It is critically important for parents and caregivers to play a lead role to build confidence, curiosity and fluency in STEM with kids in early years, particularly girls.  Dad’s for Daughters in STEM (D4DSTEM) goal is to help all kids however, as women maintain less than 20% of STEM jobs, the focus will be on building curiosity, confidence, and fluency with girls. Curiosity in science, technology, engineering, and math starts as early as 3 years old and with each year that passes it becomes exponentially more difficult to build confidence and interest with STEM in girls.

1. Our world is changing fast.


We do not know what the jobs of the future will be, but what we do know is that foundational skills in Science, Technology, Engineering and Math will help prepare youth for any career path they choose to pursue.

2. There is a gap.


Only 20 per cent of Canada's post-secondary STEM-field students are female. While jobs in STEM-related domains are growing three times faster than other parts of the economy and paying 12 per cent higher, these jobs employ less than 25 per cent women. According to TD Economics, Women in the STEM field can earn up to 30% more than other fields.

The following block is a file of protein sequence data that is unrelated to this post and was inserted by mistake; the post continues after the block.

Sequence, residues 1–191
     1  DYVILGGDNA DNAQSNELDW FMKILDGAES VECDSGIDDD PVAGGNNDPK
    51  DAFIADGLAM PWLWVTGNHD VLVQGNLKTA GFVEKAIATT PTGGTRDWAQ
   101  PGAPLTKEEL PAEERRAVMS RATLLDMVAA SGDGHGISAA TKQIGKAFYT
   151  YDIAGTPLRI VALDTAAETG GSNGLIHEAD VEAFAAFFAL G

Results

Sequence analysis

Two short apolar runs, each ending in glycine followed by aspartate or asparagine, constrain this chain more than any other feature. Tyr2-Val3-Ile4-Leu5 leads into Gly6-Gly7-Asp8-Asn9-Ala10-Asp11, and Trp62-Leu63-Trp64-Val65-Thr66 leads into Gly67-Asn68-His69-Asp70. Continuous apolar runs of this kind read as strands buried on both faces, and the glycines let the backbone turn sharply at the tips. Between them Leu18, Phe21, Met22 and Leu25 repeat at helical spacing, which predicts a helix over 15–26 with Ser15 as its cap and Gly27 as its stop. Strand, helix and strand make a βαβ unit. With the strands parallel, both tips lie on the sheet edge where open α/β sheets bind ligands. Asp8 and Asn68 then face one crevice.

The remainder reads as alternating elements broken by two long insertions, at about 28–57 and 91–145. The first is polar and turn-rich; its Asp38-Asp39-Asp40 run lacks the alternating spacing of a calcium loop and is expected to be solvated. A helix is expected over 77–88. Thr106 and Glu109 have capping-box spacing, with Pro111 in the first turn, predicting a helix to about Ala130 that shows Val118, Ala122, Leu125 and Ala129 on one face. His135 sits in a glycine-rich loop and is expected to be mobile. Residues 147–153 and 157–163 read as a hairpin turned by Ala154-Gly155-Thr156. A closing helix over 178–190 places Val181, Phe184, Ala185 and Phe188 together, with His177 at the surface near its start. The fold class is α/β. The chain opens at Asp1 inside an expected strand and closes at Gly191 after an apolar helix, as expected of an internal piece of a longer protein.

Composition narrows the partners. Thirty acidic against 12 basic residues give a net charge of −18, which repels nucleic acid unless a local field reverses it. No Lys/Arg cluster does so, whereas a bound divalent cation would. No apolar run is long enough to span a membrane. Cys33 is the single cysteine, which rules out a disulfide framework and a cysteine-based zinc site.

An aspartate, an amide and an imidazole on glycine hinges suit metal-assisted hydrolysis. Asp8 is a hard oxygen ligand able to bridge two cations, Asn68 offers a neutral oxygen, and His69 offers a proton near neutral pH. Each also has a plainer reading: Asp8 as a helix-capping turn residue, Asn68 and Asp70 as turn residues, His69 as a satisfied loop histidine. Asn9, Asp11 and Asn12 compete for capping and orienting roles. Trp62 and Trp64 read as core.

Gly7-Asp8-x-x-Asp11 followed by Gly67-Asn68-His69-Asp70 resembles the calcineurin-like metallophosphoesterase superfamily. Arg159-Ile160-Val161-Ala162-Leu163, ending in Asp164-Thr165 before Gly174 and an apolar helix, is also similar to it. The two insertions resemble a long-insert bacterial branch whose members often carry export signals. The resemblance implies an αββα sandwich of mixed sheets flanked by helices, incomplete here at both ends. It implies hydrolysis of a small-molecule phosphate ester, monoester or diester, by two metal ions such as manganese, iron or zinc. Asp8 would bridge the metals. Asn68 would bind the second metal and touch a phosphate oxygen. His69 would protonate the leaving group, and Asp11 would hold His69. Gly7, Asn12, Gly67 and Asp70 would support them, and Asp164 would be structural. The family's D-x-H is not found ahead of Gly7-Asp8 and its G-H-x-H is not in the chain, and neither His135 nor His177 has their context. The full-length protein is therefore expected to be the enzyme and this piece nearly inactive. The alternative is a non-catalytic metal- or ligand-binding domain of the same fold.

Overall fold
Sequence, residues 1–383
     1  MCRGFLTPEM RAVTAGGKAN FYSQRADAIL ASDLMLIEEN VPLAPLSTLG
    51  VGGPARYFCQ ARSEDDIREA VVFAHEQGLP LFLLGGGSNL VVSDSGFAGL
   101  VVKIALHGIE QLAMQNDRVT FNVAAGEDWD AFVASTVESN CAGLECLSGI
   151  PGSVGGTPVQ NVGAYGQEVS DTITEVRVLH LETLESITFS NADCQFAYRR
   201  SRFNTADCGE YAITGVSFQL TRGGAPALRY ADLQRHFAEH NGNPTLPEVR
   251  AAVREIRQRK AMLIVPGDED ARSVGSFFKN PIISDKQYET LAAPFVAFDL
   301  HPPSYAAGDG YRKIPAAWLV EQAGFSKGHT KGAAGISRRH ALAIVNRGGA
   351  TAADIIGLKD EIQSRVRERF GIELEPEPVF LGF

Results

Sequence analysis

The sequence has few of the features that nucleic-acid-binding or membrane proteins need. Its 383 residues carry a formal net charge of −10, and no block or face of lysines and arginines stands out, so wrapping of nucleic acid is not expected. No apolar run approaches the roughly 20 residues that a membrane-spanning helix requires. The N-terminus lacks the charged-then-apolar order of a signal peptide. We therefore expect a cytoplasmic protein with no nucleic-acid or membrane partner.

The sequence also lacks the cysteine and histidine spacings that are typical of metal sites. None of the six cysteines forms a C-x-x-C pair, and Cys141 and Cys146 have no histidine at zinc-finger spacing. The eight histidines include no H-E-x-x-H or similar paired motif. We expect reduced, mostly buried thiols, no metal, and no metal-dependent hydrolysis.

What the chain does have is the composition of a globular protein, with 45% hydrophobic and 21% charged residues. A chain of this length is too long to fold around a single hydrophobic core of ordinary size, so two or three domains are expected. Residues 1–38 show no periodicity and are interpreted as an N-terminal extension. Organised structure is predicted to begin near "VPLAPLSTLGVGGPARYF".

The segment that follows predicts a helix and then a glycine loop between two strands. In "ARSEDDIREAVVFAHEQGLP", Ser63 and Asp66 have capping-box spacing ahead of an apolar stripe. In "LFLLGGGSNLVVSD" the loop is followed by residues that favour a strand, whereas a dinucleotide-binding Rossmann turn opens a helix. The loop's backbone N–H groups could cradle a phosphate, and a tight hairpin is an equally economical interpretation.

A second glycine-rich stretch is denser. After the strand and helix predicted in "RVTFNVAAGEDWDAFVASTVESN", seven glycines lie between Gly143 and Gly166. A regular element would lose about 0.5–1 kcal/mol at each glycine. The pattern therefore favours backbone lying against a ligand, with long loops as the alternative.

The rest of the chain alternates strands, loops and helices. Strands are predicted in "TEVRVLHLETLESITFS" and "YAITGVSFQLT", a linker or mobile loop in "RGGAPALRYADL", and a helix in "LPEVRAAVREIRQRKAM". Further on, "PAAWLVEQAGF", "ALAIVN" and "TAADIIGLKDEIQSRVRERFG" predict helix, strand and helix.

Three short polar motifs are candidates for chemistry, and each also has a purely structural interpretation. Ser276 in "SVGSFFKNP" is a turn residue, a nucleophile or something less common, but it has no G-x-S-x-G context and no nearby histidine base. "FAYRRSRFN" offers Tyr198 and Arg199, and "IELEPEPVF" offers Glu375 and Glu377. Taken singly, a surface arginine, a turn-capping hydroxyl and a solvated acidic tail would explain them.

3. It starts early.


Building confidence, including perseverance (it is OK to make mistakes to learn), and encouraging curiosity is key! The challenge to foster female interest in STEM begins in childhood. A walk down the pink and blue toy aisles of most retailers already shows the girl-boy disparity: Girls’ toys revolve around fashion and crafts, boys’ toys around mechanics and building. It gets progressively harder to develop an interest in STEM throughout the education system. In fact, by the time girls are in second grade, they have already begun to believe math is for boys. In addition, with more STEM focus happening in schools, parents and caregivers can play a critical role in guiding daughters and changing the STEM status quo.